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10 Tech Disengagement Warning Signs (and How to Address It)

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    Tech disengagement is a symptom of cognitive overload that turns the software and hardware that should help against us. When it strikes us at work, it triggers a windfall of negative consequences. Read about the top 10 warning signs of tech disengagement and how you can stop them.

    Even if you’re not very familiar with the classic comedy movie Office Space, you’ve probably watched a GIF of Ron Livingston, Ajay Naidu and David Herman pulverizing an unassuming copier.

    As outlandish as the scene seems, it’s a fantasy that percolates in more employees’ minds than you think. In fact, 77% of workers get frustrated by outdated technology at work, according to a 2021 OnePoll survey commissioned by Paycom.

    The phenomenon that our workplace software is against us — tech disengagement — can sour an otherwise great employee experience. And when talent reject their tools, tech disengagement negatively impacts a company’s:

    • culture
    • operations
    • compliance
    • retention

    Let’s examine how tech disengagement works, its 10 most common warning signs and how you can unwind their effects in your organization.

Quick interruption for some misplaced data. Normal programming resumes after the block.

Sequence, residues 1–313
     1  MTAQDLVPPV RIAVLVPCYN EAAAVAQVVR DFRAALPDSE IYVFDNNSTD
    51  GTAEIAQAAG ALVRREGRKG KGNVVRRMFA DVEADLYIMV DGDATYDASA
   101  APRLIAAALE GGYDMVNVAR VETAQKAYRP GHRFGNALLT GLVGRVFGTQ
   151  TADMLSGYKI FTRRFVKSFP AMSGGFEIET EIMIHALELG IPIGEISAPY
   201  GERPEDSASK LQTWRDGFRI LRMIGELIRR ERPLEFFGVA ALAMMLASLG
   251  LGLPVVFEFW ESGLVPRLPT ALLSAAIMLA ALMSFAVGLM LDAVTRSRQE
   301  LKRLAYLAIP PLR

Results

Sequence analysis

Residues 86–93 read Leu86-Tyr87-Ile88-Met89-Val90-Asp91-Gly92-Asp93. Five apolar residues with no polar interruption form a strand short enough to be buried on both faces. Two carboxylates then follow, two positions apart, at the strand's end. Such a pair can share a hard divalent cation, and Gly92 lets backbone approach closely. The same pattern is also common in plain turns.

How does tech disengagement work?

    Tech disengagement occurs when the hardware or software that’s supposed to make our lives easier fails. It’s a symptom of cognitive overload, an issue that rises when the demands placed on our working memory exceed its capacity.

    We can experience tech disengagement when too many tools bombard us or if the software we need to use doesn’t work. Regardless of how we arrive at tech disengagement, it can lead to:

    • misusing our tools as intended
    • developing inefficient, inconsistent and insecure workarounds
    • avoiding certain tasks that rely on our tech outright
    • poisoning the work culture HR seeks to enhance

    Basically, any digital experience employees interact with can trigger tech disengagement. While it might surface differently across industries, it has the power to disrupt any workforce.

    10 warning signs of tech disengagement

    No universal form of tech disengagement exists. Think of it like frustration in general: It’s a familiar feeling, sure, but we all express it differently. Even so, tech disengagement isn’t so inconsistent that you can’t spot it — especially when it goes unchecked and runs rampant.

    Consider these 10 common warning signs to determine if tech disengagement has taken hold of your people.

    1. Employees filling out paper forms

    One clear indication of tech disengagement is employees reverting to the process their workplace software was supposed to streamline. For example, an ancient time-off request form still makes its way to HR despite employees’ access to a time and attendance app.